We’re talking about infrastructure today: What building best serves the story you’re trying to tell?
Is your story a hundred unit apartment building? A cottage in the woods? A skyscraper? A hut? A victorian mansion? A pyramid? A tent? A temple?
Structures can be visible and attention grabbing (like chapter titles, or sections that switch us back and forth in time) or they can be nearly invisible to your readers eye on a first read (for example, putting the sequence of events in time order, or the movement of a character from one emotional state to another).
The containers we live in impact the ways we experience the world. No matter what, structure is doing work: On you the writer, on your characters (fictional or non fictional), on the world of your work, and perhaps most importantly, on your reader.
Do you want to draw your reader’s attention to the architecture? Or do you want them to get lost in the characters without paying attention to the rooms?
Take five: Next time you’re watching a show, what patterns do you notice in how it’s being told? Next time you’re reading a book, pay attention to the chapters! What order is the story told in? Who or what is being centered?
Writing exercise: take some notes on that show or book, and then write a short story that copies the pattern you noticed. (Just the pattern! The story itself should be all your own.)
Follow up questions: (Only after you write!) What is the history behind that pattern or structure? What traditions does it borrow? What associations might your readers have of it? Do you want to embrace those associations or challenge them in the piece you’re writing?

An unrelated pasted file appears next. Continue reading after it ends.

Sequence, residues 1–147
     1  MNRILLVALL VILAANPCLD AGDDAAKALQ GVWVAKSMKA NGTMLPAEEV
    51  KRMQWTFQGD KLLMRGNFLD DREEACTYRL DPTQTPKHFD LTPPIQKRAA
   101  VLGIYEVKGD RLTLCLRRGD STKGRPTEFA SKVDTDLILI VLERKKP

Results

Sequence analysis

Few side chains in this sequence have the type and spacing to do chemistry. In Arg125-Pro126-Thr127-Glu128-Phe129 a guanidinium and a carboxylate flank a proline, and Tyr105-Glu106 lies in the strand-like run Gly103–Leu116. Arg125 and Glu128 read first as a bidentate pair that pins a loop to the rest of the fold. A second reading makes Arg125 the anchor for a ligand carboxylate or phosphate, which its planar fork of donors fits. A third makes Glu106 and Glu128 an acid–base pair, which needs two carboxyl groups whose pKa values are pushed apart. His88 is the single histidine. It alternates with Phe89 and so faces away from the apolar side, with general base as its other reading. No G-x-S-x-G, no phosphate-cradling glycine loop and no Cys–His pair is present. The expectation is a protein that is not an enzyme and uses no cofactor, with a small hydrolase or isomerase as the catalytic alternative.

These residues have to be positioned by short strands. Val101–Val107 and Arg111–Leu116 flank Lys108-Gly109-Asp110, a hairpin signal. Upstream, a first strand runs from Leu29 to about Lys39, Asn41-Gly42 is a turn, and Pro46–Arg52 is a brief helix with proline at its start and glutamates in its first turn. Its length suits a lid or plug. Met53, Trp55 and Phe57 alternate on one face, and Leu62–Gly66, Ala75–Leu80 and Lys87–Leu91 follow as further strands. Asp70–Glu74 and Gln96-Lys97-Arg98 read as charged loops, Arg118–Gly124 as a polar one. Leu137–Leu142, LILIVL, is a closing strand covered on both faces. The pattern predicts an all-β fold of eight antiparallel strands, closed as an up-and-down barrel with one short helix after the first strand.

These patterns you create in your story create reader expectations. What are you promising? Are you living up to the promise? Are you selling a skyscraper and delivering a leaky tent? Sometimes a tent is the perfect thing. But when you need to house hundreds of businesses and apartments, that might not do. Your structure helps you create an experience for your readers as they enter, navigate through, and ultimately exit your story–and these frameworks can help you both start, and keep writing as well.
Don’t stop thinking about this when you’re done writing–this building concept applies to giving feedback in critique groups, too. When you’re reading your friends work, ask yourself the same questions–What kind of house is this trying to be? Try to tailor your feedback to this goal. If they’re creating a temple, giving detailed instructions on how to fix a yurt won’t be the most helpful–although there are certainly things they can apply.
Structure in writing can get a bad rap but it doesn’t have to be boring or stifling! Great architecture adapts to the shape, size, and purposes of the lives it holds.
About the Author
Leah Velez is Wordcrafters in Eugene’s Content and Curriculum Coordinator. Born and raised in Chicago, IL, she is a graduate and former high school teacher in Chicago Public Schools. She has an MFA from the University of Oregon, and graduated from Northwestern University’s Fiction sequence. In addition to her work with Wordcrafters she is the founder of the teacher collective, Teach Write Now, and is at work on a short story collection.